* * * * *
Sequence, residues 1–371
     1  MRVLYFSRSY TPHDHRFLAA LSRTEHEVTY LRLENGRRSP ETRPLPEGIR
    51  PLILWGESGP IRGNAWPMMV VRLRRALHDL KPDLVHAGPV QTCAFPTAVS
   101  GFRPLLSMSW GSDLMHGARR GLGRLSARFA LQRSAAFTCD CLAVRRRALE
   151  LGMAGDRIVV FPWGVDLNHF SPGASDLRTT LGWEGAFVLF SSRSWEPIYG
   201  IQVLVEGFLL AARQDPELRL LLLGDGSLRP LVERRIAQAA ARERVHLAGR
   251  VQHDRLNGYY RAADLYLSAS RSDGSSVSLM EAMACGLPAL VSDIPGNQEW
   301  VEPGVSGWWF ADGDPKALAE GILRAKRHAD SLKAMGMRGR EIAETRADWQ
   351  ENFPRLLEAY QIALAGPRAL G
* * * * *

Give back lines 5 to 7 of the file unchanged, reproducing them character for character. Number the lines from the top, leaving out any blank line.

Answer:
   151  LGMAGDRIVV FPWGVDLNHF SPGASDLRTT LGWEGAFVLF SSRSWEPIYG
   201  IQVLVEGFLL AARQDPELRL LLLGDGSLRP LVERRIAQAA ARERVHLAGR
   251  VQHDRLNGYY RAADLYLSAS RSDGSSVSLM EAMACGLPAL VSDIPGNQEW